A Wolf spokeswoman said the report was most critical of the state’s efforts prior to Wolf taking office and that Wolf supports the grand jury’s conclusions.
“Wolf shares the Attorney General’s commitment to upholding Pennsylvania’s constitutional promise of clean air, pure water, and to protecting public health,” said Lyndsay Kensinger, a spokeswoman for the governor. “The Wolf Administration inherited a flawed ideological approach to regulation of unconventional oil and gas development that was forced on the departments of Environmental Protection and Health by the Corbett Administration, which promoted the rapid expansion of natural gas development and profit above these other priorities.”
The Department of Environmental Protection pushed back strongly on many of the grand jury’s conclusions, calling the report “an inaccurate and incomplete picture of Pennsylvania’s regulatory program.”
The grand jury called for the state to extend the cushion between fracking sites and neighboring properties from 500 feet to 2,500 feet. The report also said that the state should require fracking companies to publicly disclose what chemicals are used during fracking.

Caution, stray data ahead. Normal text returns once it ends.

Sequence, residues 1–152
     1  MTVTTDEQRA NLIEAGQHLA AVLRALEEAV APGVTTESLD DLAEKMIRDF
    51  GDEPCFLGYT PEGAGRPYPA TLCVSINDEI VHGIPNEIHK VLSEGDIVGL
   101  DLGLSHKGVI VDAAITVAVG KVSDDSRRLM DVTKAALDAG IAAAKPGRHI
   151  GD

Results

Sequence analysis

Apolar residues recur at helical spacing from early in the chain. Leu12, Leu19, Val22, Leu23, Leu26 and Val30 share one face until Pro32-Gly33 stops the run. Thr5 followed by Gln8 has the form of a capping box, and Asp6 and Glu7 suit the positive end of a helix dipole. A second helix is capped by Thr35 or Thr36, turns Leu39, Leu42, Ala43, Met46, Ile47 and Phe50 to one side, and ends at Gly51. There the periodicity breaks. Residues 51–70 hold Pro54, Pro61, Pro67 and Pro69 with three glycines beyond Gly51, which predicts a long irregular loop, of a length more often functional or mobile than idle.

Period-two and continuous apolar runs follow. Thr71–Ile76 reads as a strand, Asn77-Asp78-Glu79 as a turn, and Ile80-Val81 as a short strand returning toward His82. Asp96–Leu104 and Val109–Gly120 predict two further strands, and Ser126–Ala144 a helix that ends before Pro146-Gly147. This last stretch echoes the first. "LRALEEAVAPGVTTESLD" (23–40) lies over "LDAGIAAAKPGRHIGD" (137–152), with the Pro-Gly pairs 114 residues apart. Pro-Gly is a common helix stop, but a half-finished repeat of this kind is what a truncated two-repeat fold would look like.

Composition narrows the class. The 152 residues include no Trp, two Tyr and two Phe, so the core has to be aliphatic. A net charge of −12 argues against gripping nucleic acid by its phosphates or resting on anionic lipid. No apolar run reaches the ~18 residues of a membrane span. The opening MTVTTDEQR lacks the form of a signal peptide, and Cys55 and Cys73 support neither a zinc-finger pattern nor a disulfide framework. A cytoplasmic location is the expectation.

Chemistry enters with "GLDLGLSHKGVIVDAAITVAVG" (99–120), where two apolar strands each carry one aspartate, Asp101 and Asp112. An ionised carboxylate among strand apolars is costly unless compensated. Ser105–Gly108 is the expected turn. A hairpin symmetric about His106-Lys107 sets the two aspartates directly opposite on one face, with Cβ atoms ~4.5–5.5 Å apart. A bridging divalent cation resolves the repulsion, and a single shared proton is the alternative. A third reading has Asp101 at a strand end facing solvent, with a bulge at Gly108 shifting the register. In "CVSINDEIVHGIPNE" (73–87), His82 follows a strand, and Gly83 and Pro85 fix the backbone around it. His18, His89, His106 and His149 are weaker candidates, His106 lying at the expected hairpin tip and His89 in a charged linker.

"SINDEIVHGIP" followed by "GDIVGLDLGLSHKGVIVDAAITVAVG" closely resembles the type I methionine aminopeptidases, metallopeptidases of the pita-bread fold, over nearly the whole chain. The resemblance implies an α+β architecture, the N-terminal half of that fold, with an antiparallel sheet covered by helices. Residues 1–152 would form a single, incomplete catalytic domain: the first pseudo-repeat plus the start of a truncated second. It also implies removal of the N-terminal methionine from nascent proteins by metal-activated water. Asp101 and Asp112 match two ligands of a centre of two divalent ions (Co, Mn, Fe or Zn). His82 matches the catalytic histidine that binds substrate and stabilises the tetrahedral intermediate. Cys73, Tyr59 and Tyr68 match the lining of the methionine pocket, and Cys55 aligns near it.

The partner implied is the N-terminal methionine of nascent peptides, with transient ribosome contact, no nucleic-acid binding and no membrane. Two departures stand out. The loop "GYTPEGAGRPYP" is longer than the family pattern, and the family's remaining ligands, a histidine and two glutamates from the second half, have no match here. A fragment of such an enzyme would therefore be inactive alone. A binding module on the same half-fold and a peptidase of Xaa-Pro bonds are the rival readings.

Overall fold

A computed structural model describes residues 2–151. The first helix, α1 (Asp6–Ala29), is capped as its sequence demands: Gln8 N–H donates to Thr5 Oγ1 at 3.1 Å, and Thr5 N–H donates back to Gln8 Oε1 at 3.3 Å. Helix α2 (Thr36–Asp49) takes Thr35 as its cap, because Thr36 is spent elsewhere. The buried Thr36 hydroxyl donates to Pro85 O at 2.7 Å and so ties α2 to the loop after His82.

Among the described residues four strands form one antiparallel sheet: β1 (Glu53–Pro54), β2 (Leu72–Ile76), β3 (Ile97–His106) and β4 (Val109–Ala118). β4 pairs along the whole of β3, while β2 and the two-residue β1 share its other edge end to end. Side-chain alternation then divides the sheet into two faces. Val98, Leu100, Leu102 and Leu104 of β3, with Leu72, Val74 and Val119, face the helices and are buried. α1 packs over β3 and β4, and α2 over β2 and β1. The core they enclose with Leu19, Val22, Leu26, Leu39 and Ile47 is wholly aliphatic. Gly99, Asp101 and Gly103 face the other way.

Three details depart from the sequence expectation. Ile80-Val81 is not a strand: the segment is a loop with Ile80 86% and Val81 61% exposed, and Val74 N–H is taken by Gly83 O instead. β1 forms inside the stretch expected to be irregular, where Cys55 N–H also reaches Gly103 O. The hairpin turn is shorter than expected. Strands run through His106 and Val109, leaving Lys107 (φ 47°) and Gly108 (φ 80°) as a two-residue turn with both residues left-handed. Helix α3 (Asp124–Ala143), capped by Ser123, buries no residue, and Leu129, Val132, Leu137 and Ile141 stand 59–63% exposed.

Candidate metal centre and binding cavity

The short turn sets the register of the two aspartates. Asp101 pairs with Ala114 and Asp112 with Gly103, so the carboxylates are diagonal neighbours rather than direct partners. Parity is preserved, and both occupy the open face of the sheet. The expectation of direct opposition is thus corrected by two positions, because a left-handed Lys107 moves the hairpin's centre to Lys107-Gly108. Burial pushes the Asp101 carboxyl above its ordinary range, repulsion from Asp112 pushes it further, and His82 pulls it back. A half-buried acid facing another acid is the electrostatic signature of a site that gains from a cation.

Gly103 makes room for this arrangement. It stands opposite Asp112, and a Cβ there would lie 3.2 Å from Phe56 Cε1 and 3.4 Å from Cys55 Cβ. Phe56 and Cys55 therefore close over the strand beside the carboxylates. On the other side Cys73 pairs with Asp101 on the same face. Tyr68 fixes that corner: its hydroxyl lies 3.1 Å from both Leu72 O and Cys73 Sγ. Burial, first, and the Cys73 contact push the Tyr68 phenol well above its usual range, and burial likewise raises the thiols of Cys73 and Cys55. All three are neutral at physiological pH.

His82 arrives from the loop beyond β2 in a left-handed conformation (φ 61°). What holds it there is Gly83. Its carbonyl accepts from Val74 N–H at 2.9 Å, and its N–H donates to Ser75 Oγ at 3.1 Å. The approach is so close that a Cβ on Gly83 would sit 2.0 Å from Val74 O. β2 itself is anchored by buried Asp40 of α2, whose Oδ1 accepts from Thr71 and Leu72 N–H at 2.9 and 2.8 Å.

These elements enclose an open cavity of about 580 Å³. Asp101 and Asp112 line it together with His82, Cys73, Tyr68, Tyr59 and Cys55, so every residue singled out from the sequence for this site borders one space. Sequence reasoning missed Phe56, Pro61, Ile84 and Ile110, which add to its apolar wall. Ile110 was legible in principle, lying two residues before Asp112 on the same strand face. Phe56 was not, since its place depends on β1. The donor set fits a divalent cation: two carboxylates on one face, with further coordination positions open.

In its response, DEP noted that while fracking companies can ask that the chemicals in fracking fluids be shielded from the public, but companies must disclose the chemicals to the agency.
DEP in its response also said it is not clear how the grand jury came up with its recommendation for increasing the setback between fracking sites and neighboring properties.
“The proposed setbacks are not supported with any information that establishes that these particular distances afford an appropriate level of protection and appear to have been chosen arbitrarily,” DEP said in its response. “Any proposal for new setbacks should include a scientific or technical rationale for the distances chosen.”